Who Is Liable if a Product Is Defective?
If you're buying a product online, there's a chance that you may not know who exactly is liable if that product malfunctions or breaks.
In fact, it could be someone else entirely.
But don't worry, we've got you covered.
We're going to explain who is responsible for repairing defective products.
When you buy a product online, you might assume that the seller is solely responsible for fixing or replacing the item.
However, there are actually two parties involved in the transaction.
The first party is the retailer, which means they sell the product.
The second party is the manufacturer, which means they create the product.
Now, let's look at an example.
Suppose you bought a pair of shoes online.
You probably assumed that the company selling the shoes would be responsible for fixing the problem.
Unfortunately, the company isn't always the one that makes the shoe.
Instead, the company that creates the shoe is typically the one that fixes it.
For instance, Nike sells sneakers.
They don't make the sneakers themselves.
Instead, they contract with other companies to manufacture the sneakers.
These companies are called manufacturers.
As long as the manufacturer has followed proper safety standards, they aren't held accountable for defects in the product.
However, if the manufacturer fails to fix the defect within 30 days of receiving notice, they are legally obligated to pay for repairs.
Now, if you purchased a product that broke during normal wear and tear, the retailer may be responsible for paying for the repair.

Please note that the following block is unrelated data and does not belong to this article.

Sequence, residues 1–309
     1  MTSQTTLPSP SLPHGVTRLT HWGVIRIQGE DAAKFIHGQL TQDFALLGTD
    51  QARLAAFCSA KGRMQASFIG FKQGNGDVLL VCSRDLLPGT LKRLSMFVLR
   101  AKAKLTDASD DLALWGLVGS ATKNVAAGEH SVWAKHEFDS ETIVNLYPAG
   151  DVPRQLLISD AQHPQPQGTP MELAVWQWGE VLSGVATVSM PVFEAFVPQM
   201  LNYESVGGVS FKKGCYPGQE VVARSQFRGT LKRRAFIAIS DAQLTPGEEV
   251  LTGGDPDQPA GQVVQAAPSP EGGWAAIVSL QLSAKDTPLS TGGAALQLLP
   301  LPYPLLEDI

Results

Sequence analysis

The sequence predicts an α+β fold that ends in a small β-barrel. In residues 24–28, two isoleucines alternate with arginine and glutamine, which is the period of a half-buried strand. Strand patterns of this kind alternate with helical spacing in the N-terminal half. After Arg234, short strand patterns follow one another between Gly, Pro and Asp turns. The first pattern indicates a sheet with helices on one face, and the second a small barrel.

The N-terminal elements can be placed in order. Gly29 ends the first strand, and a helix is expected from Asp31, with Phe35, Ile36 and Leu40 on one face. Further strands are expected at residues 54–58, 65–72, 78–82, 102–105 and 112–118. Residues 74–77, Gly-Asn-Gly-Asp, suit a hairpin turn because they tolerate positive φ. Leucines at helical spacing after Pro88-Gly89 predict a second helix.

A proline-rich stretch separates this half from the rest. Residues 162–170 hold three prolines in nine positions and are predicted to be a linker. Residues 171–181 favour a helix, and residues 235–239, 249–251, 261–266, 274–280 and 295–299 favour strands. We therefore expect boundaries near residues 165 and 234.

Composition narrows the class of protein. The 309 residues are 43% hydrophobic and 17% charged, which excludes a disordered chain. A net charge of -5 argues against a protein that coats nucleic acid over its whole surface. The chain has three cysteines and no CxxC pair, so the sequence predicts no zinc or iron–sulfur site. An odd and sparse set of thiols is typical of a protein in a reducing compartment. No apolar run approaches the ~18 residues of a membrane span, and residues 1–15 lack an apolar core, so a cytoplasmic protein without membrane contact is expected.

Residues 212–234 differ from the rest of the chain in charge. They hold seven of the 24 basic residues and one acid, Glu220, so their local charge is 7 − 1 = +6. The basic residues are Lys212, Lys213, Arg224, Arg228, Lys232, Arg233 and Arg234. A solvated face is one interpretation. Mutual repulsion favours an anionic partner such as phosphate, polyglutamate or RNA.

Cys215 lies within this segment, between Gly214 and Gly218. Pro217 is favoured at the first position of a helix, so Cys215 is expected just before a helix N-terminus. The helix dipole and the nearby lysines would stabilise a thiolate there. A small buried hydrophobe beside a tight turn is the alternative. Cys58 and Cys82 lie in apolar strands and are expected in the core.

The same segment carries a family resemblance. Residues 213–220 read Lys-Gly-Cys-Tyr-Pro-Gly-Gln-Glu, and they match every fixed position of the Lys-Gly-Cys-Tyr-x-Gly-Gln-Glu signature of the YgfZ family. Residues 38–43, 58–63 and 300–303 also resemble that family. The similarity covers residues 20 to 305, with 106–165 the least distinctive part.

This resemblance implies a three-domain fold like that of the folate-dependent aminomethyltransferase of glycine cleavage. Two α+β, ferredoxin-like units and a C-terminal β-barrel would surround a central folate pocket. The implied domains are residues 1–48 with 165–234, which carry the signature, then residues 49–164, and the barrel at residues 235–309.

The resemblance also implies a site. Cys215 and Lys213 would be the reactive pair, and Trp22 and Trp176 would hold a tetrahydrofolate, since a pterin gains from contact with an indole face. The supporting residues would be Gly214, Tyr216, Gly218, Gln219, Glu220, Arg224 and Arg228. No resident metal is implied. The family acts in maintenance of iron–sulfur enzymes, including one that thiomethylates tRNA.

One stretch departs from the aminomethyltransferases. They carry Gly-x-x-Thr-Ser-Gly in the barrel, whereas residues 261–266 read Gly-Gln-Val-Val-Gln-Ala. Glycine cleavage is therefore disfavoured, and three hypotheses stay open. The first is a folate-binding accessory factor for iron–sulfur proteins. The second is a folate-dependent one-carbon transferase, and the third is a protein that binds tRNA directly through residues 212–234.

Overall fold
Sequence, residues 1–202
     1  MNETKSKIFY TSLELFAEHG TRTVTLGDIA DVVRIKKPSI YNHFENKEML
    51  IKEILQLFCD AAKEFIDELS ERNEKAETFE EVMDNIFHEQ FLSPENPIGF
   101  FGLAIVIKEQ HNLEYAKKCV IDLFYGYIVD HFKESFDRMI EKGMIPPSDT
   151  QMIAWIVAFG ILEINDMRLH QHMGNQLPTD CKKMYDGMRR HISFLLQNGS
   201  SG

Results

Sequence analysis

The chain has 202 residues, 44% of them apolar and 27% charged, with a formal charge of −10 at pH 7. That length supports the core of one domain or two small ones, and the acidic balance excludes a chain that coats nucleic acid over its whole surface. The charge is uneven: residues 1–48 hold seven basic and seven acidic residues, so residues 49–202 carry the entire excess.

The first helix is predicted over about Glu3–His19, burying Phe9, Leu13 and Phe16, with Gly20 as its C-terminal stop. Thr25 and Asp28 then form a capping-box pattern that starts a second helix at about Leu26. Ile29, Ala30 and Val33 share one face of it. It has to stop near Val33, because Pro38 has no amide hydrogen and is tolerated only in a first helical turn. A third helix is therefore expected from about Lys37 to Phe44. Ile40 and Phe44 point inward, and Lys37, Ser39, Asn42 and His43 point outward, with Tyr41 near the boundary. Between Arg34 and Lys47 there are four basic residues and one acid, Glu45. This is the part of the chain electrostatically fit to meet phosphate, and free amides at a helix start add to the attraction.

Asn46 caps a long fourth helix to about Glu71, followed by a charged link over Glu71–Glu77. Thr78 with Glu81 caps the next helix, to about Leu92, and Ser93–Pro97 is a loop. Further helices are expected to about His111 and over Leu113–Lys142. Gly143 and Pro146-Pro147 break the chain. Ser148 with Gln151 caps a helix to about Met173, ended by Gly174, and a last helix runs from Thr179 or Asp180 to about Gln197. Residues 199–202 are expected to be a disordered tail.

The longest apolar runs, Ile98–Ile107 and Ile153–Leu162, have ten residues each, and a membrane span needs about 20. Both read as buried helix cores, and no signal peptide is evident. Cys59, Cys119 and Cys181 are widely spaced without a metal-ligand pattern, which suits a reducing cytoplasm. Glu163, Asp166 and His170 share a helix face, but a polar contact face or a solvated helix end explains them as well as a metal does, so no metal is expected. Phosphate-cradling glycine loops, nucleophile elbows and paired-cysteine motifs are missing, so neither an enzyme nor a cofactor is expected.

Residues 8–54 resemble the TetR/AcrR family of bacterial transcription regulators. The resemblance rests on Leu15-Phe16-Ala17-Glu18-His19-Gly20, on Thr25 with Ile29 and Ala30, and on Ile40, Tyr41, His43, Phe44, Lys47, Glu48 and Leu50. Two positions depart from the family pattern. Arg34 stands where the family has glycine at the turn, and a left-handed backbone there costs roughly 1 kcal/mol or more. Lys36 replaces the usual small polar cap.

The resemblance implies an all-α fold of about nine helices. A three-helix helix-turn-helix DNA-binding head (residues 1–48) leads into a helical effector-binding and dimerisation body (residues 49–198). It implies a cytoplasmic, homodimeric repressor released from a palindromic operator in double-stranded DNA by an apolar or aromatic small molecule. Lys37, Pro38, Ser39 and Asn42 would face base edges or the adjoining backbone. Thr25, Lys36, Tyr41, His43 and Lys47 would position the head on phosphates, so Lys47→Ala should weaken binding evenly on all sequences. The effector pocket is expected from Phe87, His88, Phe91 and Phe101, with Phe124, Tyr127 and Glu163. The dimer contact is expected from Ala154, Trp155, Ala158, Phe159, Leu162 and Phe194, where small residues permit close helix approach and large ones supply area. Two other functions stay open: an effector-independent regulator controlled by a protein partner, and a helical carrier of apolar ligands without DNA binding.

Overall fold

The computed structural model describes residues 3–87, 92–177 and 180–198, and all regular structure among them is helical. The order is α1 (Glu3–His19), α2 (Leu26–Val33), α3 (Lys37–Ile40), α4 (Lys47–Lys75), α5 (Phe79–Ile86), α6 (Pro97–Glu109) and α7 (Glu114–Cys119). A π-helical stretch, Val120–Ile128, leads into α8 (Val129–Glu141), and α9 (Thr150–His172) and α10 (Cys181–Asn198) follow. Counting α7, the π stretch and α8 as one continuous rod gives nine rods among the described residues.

However, this is rare.
Most retailers won't cover damage caused by misuse or abuse of the product.
If you need assistance finding the appropriate legal contact information for the retailer, please visit our website.
In the event of a product defect, which party may be liable? The manufacturer, the supplier or the distributor?
In the United States, there is no clear answer to this question, which has led to many legal disputes between manufacturers and retailers over the years.
In recent years, however, courts have increasingly sided with retailers, holding that they bear responsibility for products that fail to perform as advertised.
The U.S. Supreme Court recently ruled that a company cannot be held liable for injuries caused by a defective product unless it knew or had reason to know of the defect.
However, the court also stated that "a seller may not avoid liability simply by relabeling an item as its own."
Therefore, while a retailer may not be strictly liable for selling a defective product, he or she could still face liability under state law for failing to warn consumers about dangerous defects.
Product Liability Actions
In the United States, there are two types of products liability claims: strict liability and negligence. Strict liability refers to situations where a manufacturer or seller has no duty to warn consumers of a dangerous condition. Negligence involves failing to exercise reasonable care in manufacturing or selling a defective product. If a plaintiff can prove that a defect caused his injury, he may recover damages regardless of whether the defendant engaged in negligent or intentional conduct.
The first type of claim is known as strict liability. This means that the manufacturer or seller must be held liable even if they had no knowledge of the danger posed by the product. The second type of claim is called negligence. A plaintiff who sues under this theory must prove that the defendant failed to act reasonably in providing adequate warnings or instructions regarding the dangers associated with the product.
In both theories, plaintiffs must also establish that the defendant's failure to provide adequate warning or instruction proximately caused the injury. Proximate cause exists when the defendant's conduct causes an event which produces an injury without requiring additional unforeseeable intervening events.